Spanish nurse with Ebola sparks fears for Europe

2014-10-08 08:55

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Madrid – Doctors in Spain hospitalised four more people and rushed to identify dozens of others at risk after a nurse was infected with the deadly Ebola virus, raising fears of contagion in Europe.

The European Union demanded answers about how the disease spread in a specialised disease unit, while health staff protested over safety failures.

The nurse was yesterday identified by Spanish media as Teresa Romero, a woman in her forties who worked at Madrid’s La Paz-Carlos III hospital.

She became the first person to contract the disease outside Africa after caring for two elderly Spanish missionaries who died from the virus following their return from West Africa where the disease has killed nearly 3 500 people.

Officials said they were trying to find out who she came into contact with before being isolated on Monday. They were monitoring 52 people – mostly health staff.

“It would be very naive to think that there is no possibility of contagion,” the government’s health emergencies coordinator Fernando Simon said.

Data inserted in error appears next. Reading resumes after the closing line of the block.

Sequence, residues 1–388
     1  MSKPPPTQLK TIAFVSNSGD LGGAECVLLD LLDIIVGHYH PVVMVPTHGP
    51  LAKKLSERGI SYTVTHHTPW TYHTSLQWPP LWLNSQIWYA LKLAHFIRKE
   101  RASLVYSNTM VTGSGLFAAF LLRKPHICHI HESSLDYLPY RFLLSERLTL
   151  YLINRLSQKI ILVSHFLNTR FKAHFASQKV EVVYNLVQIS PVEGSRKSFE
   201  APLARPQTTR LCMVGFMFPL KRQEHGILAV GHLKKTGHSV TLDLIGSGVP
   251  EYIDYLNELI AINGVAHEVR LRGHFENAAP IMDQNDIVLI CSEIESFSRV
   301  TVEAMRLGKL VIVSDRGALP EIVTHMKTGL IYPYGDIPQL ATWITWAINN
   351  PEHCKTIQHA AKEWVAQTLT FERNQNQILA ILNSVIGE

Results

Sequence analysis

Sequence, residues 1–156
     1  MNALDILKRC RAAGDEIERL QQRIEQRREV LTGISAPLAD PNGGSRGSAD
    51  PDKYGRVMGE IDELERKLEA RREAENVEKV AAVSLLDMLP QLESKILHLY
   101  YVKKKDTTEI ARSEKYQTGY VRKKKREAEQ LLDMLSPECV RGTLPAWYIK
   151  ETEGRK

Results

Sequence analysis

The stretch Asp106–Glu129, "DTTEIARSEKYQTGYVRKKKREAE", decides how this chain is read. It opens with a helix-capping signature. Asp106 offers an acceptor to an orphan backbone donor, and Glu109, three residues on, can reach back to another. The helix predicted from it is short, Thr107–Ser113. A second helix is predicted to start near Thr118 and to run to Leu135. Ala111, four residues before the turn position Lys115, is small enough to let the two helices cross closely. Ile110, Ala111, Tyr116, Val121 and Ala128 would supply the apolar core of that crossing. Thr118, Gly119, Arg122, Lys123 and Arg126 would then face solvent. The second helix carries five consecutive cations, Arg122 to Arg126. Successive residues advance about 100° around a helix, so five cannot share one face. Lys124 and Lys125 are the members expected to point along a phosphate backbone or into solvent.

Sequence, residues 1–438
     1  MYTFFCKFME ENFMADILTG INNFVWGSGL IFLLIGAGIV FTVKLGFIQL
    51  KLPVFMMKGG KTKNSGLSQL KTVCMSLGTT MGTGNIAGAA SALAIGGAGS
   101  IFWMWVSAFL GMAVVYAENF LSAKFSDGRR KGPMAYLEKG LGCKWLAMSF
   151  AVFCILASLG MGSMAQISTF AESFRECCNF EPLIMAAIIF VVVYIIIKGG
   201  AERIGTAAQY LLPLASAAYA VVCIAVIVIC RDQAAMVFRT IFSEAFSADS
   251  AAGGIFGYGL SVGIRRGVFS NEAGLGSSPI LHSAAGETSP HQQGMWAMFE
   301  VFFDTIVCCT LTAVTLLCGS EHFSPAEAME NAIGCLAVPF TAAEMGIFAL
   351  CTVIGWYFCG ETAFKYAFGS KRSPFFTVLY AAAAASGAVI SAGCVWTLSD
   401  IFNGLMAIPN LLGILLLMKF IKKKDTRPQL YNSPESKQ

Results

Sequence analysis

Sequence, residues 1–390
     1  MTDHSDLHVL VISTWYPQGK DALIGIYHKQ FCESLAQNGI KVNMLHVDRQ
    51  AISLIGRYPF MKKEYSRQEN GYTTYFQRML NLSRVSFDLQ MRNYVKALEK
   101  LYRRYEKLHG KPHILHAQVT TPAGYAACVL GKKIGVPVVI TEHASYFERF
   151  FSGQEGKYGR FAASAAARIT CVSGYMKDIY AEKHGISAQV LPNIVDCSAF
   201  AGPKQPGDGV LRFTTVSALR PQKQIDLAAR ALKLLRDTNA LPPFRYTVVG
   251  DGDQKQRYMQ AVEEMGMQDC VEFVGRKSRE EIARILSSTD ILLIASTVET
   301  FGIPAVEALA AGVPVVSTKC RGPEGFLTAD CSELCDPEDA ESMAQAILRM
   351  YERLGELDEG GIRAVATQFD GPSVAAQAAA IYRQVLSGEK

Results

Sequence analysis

Doctors at the hospital said her husband was also at “high risk” and was put in isolation. Another “suspect case” – a Spanish engineer recently returned from Nigeria – was also being monitored.

Another two patients were colleagues of the nurse.

One of them was taken in for observation after suffering from diarrhoea, the hospital said.

The other is a nurse who was in contact with the infected health worker, Spanish newspaper El Pais reported, adding that she was hospitalised by precaution because she was running a mild fever.

The infected nurse treated Spanish priest Miguel Pajares, (75) who contracted Ebola in Liberia and died on August 12, as well as Manuel Garcia Viejo (69) who was repatriated from Sierra Leone and died on September 25.

She is believed to have caught the virus while caring for Garcia Viejo.

The European Commission has written to the Spanish health ministry demanding an explanation.

“There is obviously a problem somewhere,” commission spokesperson Frederic Vincent said, at a time when all European Union member states were supposed to have taken measures to prevent an Ebola outbreak.

However Peter Piot, one of the scientists who discovered Ebola, said while the disease posed a threat to healthcare workers around the world, there was “no risk that I see for outbreaks” in developed countries.

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